David Cameron presses Russia over Syria action

 

David Cameron has heaped pressure on Russia to back tough action against the Syrian regime amid fears the country is sliding into civil war.

The Prime Minister also called on Syrian president Bashar Assad to give up power to avert more chaos and bloodshed.

Speaking during a visit to Afghanistan, Mr Cameron said: "I have a very clear message for president Assad. It is time for him to go.

"It is time for transition in the regime. If there isn't transition it's quite clear there's going to be civil war."

He added: "My message to (Russian) president (Vladimir) Putin is, it's time for the UN Security Council to pass clear and tough messages about sanctions."

Mr Cameron was commenting a day after rebels penetrated the heart of Syria's government elite, detonating a bomb inside a crisis meeting in Damascus that killed three leaders of the regime, including Assad's brother-in-law and the defence minister.

Mr Cameron added: "I don't think any regime that carries out acts as they have should survive."

Urging Russia and China to back other UN nations desperate to take action, he added: "I would appeal to those that have held out in the past against tough action against Syria that what more evidence do we need?

"I think it is in everyone's interest that the transition takes place."

The UN is due to vote this afternoon on a new British-crafted Syria resolution that threatens non-military sanctions against Assad's regime if he does not withdraw troops and heavy weapons from populated areas within 10 days.

The text is tied to Chapter 7 of the UN Charter, which could eventually allow the use of force to end the conflict.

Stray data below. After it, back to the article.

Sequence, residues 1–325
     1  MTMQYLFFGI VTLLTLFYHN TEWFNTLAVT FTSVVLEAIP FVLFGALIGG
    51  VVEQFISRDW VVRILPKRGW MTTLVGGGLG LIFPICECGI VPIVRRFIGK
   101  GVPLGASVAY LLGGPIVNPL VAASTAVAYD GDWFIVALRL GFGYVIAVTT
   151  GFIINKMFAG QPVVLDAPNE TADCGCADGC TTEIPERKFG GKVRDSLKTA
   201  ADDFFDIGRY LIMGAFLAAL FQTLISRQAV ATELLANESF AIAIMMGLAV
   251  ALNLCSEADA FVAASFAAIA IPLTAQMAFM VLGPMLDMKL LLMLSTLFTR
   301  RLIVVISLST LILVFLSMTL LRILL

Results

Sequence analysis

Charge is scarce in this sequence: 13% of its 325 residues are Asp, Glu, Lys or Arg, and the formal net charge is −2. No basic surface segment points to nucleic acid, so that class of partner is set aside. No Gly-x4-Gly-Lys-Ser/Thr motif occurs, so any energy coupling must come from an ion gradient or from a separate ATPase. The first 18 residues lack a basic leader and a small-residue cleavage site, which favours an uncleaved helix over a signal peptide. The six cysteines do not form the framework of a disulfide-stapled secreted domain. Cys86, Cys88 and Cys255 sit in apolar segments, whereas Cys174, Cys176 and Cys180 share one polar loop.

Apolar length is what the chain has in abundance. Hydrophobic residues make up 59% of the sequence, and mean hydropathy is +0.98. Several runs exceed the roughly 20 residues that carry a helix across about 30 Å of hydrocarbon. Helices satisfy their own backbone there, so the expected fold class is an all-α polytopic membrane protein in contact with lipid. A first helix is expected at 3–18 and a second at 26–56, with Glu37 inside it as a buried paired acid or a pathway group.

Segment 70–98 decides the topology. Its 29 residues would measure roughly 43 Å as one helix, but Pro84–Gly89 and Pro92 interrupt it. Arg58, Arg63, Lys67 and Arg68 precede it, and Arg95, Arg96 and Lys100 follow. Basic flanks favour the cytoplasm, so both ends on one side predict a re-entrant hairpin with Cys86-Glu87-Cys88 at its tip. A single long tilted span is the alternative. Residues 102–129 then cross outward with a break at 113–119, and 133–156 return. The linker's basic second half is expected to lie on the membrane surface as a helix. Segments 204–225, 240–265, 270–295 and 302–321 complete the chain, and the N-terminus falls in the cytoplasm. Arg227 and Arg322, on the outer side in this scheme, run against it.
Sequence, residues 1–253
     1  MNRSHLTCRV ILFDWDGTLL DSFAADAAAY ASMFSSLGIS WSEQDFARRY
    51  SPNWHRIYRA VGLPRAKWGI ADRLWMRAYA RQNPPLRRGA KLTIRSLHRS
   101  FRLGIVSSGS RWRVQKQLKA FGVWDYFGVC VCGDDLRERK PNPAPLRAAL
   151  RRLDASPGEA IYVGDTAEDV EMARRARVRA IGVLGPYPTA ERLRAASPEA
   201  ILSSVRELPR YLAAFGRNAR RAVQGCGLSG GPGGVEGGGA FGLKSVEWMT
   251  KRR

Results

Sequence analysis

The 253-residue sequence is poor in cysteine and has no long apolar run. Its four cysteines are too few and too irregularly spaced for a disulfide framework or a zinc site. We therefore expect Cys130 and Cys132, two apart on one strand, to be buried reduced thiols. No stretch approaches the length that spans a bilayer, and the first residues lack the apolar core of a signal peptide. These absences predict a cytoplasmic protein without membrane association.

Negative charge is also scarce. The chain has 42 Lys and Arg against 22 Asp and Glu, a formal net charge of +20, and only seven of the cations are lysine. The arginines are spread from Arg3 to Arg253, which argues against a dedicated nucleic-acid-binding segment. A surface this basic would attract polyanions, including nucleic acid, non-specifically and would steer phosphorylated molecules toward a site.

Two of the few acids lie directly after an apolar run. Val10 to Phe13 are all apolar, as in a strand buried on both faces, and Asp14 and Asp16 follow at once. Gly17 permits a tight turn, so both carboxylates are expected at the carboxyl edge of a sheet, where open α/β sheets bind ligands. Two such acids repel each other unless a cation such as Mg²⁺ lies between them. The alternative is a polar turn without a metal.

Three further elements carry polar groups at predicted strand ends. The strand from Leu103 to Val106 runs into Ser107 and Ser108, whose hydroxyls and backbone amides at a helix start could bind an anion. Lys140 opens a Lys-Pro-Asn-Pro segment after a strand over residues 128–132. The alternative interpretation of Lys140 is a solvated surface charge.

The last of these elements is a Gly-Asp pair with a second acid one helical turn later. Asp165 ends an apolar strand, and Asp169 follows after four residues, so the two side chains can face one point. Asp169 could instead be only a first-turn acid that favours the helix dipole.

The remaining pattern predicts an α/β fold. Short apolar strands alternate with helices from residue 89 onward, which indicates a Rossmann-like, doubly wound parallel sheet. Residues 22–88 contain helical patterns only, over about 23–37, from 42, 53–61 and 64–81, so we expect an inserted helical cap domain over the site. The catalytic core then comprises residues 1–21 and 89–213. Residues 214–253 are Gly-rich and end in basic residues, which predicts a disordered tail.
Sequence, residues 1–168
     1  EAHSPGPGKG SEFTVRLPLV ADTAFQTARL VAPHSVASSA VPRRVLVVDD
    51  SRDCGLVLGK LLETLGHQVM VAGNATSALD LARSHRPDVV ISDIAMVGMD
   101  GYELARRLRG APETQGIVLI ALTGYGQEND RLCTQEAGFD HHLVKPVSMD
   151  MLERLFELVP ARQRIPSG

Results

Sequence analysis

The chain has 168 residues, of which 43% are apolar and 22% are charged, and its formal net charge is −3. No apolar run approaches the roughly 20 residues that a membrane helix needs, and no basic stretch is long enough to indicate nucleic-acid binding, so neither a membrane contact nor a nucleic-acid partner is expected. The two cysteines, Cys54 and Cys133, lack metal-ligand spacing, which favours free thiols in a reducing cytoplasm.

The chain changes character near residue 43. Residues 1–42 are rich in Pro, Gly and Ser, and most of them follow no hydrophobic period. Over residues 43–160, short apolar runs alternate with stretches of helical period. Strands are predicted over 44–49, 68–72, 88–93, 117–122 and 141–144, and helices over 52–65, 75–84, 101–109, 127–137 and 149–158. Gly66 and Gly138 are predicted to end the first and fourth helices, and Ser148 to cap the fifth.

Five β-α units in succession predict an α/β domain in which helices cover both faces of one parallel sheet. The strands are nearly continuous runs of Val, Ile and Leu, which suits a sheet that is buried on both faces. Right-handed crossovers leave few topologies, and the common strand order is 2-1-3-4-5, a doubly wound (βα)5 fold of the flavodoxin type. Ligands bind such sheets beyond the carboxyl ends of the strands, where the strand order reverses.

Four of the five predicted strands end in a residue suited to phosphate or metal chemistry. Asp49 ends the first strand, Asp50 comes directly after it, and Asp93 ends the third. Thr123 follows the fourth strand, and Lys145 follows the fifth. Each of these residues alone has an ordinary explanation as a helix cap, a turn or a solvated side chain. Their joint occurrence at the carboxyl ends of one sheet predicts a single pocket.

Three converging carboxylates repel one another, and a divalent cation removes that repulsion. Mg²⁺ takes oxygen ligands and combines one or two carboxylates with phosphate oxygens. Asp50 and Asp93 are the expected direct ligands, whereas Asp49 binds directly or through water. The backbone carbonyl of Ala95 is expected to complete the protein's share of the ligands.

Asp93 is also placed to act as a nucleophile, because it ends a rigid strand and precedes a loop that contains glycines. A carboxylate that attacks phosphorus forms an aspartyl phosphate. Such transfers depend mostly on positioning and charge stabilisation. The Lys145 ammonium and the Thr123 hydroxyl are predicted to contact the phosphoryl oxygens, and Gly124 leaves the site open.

A vote was postponed for another frantic bout of diplomacy yesterday at the request of peace envoy Kofi Annan, after a bomb blast in capital Damascus killed defence minister Dawoud Rajha and Assad's brother-in-law General Assef Shawkat.

The 15-member council must decide the future of a UN observer mission in Syria before its mandate expires on Friday, but the five veto-wielding permanent members - Britain, the US, Russia, China and France - are split over whether stronger action is needed.

The observers were deployed in April to monitor a failed ceasefire under Mr Annan's peace plan.

Speaking in Kabul, Mr Cameron said: "I have a very clear message for President Assad. It is time for him to go.

"It is time for transition in this regime. Clearly, Britain doesn't support violence on either side, but if there isn't transition it's quite clear there's going to be civil war. That is the clear fact, I think, that we can all see on the ground.

"The regime has done some truly dreadful things to its own people and I don't think any regime that carries out acts as they have against their own citizens - and continues to do so, by the way - should survive. I think that regime should go.

"So the message to President Assad is 'It is time for transition, it is time for you to go.'

"The message to President Putin, who I discussed this with at the G20 in Mexico - and the message to all those on the UN Security Council - is 'It's time for the UN Security Council to pass clear and tough messages about sanctions, I believe under Chapter 7 of the UN, and to be unambiguous about this.'

"Obviously, we are a UN Security Council with permanent members, and permanent members that have vetoes. We can't pass these things without everybody stepping up to the plate and taking the right action.

"But I would appeal to those who in the past have held against tough action against Syria - what more evidence do we need about a regime that has brutalised its own people?

"The alternative to political transition at the top of Syria is revolution from the bottom in Syria."

PA

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